The final performance round of the competition featured 23 singers in the Recital Hall on Friday 8th March. An especial pleasure this year was that pianists Richard Saxel and Philip Scriven were joined by vocal coach Adrian Goss, whose playing of Quilter, especially, was a delight. Several other singing teachers joined the audience of parents, staff and pupils, with some of the senior competitors having strong vocal support (pun intended).
I was in total agreement with the top three in the Junior section though not necessarily (as Eric Morecambe famously, nearly, said) in the same order. Third was Toby Chesser for a stunningly idiomatic Lully song, a wonderful treble voice. Second was the opera enthusiast Theo Golden, a maturing tenor, who relished his Donizetti aria and communicated very strongly. Tim Ayling sang last but came first, with one of my father’s favourite songs: ‘On the streets where you live’. We have often heard good accounts of numbers from musicals in this part of town and at its best (adjudicator Marcus Pashley acknowledged it was not unflawed) this was a towering reading. There is space only to mention three other performances I especially enjoyed: Victoria Parker for her sincerity (‘Once you lose your heart’); treble Jack Taylor for a delightfully old-fashioned performance of a delightfully old-fashioned song by Haydn Wood; and Olivia Chesser for clasping to her heart one of the great English songs, ‘Silent Noon’ by Vaughan Williams.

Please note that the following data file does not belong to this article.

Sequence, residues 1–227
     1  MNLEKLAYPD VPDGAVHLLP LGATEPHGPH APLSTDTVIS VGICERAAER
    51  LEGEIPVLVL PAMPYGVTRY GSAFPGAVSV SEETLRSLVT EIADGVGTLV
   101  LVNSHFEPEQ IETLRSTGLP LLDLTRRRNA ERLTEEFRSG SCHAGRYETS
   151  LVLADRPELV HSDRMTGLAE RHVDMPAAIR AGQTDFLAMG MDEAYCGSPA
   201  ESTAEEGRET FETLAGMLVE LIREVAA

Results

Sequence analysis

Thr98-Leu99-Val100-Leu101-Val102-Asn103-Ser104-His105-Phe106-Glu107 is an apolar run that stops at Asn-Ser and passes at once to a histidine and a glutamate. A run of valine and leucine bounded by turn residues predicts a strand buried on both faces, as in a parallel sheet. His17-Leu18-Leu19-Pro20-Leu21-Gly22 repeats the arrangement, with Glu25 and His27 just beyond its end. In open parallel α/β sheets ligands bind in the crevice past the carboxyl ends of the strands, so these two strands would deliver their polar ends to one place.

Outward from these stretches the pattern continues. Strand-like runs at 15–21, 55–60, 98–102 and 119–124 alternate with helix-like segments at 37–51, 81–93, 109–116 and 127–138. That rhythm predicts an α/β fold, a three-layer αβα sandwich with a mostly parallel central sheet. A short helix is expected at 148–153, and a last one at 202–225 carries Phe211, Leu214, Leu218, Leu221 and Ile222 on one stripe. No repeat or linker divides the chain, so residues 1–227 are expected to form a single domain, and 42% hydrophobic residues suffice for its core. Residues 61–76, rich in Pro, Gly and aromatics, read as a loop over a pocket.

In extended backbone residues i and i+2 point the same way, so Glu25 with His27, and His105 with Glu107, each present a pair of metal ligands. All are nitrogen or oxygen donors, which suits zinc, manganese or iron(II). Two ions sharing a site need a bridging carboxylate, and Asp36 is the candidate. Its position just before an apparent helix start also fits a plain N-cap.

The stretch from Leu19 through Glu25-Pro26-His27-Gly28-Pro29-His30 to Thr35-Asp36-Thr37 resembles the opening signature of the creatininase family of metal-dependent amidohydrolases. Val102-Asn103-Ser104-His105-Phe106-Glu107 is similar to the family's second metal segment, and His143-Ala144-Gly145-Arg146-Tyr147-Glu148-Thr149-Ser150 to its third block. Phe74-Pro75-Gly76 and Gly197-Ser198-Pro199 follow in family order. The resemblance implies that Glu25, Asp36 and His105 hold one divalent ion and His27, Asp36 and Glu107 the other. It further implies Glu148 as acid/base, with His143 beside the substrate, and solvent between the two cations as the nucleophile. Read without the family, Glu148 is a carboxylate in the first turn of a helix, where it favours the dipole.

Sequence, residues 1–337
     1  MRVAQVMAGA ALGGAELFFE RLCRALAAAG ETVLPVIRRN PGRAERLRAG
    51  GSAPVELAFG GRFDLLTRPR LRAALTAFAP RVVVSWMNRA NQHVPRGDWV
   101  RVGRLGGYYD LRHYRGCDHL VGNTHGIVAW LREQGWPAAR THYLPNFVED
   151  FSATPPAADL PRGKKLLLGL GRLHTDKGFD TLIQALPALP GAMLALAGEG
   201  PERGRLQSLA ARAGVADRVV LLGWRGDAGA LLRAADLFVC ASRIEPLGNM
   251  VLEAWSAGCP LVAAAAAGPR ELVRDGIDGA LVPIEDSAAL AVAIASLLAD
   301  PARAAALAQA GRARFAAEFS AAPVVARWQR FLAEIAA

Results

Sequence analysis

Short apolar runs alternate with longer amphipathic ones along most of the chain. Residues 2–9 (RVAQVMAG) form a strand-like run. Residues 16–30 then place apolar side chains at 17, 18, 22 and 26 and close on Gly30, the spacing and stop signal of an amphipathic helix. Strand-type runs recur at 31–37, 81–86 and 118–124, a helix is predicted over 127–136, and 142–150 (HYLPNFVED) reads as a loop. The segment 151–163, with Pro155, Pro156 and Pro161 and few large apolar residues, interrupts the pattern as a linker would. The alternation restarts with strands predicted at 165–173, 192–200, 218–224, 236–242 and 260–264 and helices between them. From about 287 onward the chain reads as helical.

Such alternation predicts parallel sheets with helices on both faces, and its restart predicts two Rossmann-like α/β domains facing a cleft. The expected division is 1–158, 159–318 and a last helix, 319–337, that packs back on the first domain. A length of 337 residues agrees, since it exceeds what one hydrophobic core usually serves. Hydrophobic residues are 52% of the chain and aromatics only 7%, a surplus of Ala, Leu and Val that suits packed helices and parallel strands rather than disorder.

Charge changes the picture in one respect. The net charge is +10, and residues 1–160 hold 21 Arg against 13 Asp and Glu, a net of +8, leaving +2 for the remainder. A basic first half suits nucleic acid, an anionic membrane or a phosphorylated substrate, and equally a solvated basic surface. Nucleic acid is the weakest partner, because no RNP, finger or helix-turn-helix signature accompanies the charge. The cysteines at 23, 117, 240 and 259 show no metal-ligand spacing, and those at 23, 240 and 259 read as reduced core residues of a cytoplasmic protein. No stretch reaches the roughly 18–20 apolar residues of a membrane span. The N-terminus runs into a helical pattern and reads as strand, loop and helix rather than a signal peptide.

The adjudicators were unanimous over which three seniors should qualify for the final competition, though I should like to mention Rachel Hurst’s superb Berlioz singing (‘Villanelle’) and Terri Yoon’s mature and powerful Mozart (‘Dove sono’). I cannot subscribe to the view that the name Sondheim can be mentioned in the same breath as those composers but Phoebe Bagge’s voice has so stunning an impact that I could almost believe this is real music rather than heightened dramatic speech. Mikey Linford brought out the contrasts in Quilter’s famous ‘Blow, blow thou winter wind’, a fine voice, and the third to progress was Nancy Newberry as Mozart’s Despina, projecting the Italian superbly and sharply delineating the character. The School’s music-lovers now look forward to re-hearing the qualifiers in April’s final, yet this relish is mixed with the reality that we have so many fine musicians at Cranleigh now who will not even be heard on the night, though for some of them, there is always 2014.
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